Rarer still is the breathtaking 935/77 behind it. Any car with the names Ickx and Mass written on the door is special, and this one, with the hand-painted Martini lines and original battle scars from the 1977 World Championship for Makes, is just stunning. I could have spent a day with this car alone. Winner of the six-hour races at Silverstone, Watkins Glen, and Brands Hatch, and although it suffered some retirements, it was still a part of Porsche’s dominant season in which they won every single race that year to claim the championship without much in the way of competition. Like the WRC of the same era, it was only the manufacturers that were credited with world championship seasons, not the individual drivers.

It wears its outrageous be-winged body kit as the Group 5 rules of the day stipulated that only the hood, roof, and doors needed to be stock. With sleeker, more aerodynamically efficient bodywork than the 1976 version and an additional KKK turbocharger, the car could churn up 630bhp and reach a top speed of 227mph given the gearing and the space to get there.

The garishly colored 964 Carrera RS sticks out next, and like every car in the museum, it too has a story. In 1991 there was a waiting list for the new much-anticipated lightweight Carrera RS, and they were so exclusive that you couldn’t even choose your color, you were just lucky to get on the list. When Helmut and Christoph went to pick theirs up from the local dealer, they were so horrified at the Ruby Stone scheme that they arranged to take the Speedster that sits downstairs instead. Ten years later though, the same car got offered to them and seeing as they’d already had that previous connection with it, they decided to buy it this time. It’s been brightening up the museum ever since.

Downstairs there are a few more notable models. For instance, the Paragon Racing-run Scalextric-sponsored 996 driven by Mark Sumpter and Mike Jordan dominated the GTO class of the 2000 British GT Championship. Christoph has a policy of buying race cars, such as this championship-winner, when they become uncompetitive when the rules change or the later models have superseded them and they are therefore at the minimum value they will ever be bought at. The museum is obviously a very long term project, and in 20 or 30 years when the car is considered a classic it will be displayed, or perhaps the increase in its value will help fund the purchase of another significant Porsche to add to the collection.

The black Carrera Speedster nearby (pictured earlier in the article) also has a history. Most 1950s Speedsters were raced in America, and in 1961 and 1962 this one was taken up Pikes Peak and was also featured in Road & Track magazine. It lived for a few years in Italy afterwards, and then Christoph bought it in 2013 from an older guy who didn’t want just anybody to own his precious car. He wanted it to go somewhere where people would properly appreciated it. The museum is perfect for that.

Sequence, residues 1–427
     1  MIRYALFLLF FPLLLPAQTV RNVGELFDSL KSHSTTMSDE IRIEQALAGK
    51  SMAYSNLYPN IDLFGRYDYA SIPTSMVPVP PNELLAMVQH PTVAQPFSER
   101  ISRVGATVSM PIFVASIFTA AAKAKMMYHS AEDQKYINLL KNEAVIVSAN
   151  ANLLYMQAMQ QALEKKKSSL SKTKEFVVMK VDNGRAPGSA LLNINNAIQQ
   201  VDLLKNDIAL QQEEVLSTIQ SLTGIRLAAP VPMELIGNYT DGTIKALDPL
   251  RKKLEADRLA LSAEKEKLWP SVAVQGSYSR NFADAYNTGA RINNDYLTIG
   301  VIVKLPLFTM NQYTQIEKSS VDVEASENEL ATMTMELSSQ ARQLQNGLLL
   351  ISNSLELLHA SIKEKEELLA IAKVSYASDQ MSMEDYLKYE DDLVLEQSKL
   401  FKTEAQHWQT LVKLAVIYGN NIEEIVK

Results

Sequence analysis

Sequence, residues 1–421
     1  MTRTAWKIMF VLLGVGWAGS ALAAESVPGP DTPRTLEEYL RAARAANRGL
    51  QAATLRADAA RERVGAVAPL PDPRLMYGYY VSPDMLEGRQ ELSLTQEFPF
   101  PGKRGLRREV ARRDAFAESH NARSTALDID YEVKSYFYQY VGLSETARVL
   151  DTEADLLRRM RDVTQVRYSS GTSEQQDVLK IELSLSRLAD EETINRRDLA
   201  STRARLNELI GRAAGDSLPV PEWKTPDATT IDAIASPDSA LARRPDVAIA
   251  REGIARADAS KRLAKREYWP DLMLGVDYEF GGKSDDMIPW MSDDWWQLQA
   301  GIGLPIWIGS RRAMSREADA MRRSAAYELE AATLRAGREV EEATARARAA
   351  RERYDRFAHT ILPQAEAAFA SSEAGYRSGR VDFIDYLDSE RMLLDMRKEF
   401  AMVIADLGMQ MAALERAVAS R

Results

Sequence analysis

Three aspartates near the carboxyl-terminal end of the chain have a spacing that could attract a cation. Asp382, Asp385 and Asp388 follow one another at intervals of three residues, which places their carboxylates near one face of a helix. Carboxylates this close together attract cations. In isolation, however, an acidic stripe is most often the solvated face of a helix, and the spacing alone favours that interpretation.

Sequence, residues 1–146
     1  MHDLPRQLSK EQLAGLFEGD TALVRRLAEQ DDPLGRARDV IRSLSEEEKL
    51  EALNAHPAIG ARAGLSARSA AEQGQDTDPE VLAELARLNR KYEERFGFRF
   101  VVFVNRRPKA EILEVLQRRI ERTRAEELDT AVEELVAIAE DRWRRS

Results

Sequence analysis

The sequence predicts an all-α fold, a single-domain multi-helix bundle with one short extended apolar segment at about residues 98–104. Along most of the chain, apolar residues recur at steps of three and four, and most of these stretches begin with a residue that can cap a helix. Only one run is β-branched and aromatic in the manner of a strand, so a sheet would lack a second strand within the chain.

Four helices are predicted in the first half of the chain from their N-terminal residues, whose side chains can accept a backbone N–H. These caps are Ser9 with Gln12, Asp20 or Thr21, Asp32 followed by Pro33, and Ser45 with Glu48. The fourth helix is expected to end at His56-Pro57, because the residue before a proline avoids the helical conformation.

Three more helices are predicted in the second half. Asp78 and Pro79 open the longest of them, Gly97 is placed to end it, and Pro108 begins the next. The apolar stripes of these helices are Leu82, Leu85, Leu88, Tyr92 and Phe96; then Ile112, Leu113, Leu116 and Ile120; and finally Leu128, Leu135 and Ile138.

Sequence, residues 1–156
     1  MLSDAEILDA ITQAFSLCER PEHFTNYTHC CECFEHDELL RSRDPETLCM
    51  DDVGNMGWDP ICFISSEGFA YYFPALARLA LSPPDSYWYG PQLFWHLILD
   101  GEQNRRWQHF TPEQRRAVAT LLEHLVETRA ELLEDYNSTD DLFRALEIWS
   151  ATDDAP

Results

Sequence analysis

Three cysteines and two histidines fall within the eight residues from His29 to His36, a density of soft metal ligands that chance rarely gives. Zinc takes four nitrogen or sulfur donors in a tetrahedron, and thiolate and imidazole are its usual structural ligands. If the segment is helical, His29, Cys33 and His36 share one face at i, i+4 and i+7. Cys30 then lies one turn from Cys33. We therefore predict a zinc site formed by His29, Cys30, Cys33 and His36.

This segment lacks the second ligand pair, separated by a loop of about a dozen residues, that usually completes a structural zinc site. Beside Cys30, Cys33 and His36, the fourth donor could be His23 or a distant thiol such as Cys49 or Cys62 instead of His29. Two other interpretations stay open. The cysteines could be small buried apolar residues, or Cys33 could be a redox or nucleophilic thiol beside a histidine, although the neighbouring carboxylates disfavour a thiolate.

Last, but certainly not least, is 356 020, the 8th oldest surviving Porsche in the world. Gmünd is home to the original 356, and this car was built on these very floorboards 70 years ago. Most of the Gmünd 356s were modified in later years to make them look more like the current Reutter-bodied ones, but this car was left completely original. In the mid-‘70s, Helmut stripped the paint off so he could treat the metal that was starting to corrode… but it reminded him so much of that day back in 1948 that he decided to keep it in bare metal, like it was when Helmut peered around the door all those years ago. And Christoph recently got it running again, making this officially one of the oldest, most original, and working Porsches in existence.

The museum is open year round, and if you’re in the area you owe it to yourself to stop in. Find out more on their website

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K-JetJackyKaferhauptquartierChad C. Recent comment authors
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K-Jet
K-Jet

Jacky is right. None of the sawmill pictures from the time that Porsche was in Gmund look like the museum building.

Robb, please correct

Jacky
Jacky

The saw mill where the Gmund 356’s were built is located outside of the town.
One building is still there and the first picture on the the museum’s website are taken there; http://www.auto-museum.at
Helmut Pfeifhofer bought the museum building in the 1970’s. These were old stables.
So the museum building has nothing to do with the old saw mill.

Also, the 356 Speedsters all had a detachable windscreen. There is no “european version with a steel frame”. That would be the 356 Cabrio, as sold in the US and Europe.

Kaferhauptquartier
Kaferhauptquartier

Great Story !
been in the museum 2 years ago and it was a blast !
If you ever get the chance to get there do it !!

Chad C.
Chad C.

These are the types of stories I tell my five year old before his bedtime. I’ll be be telling him about the boy who looked into the barn 70 years ago tomorrow night. Thanks for this story!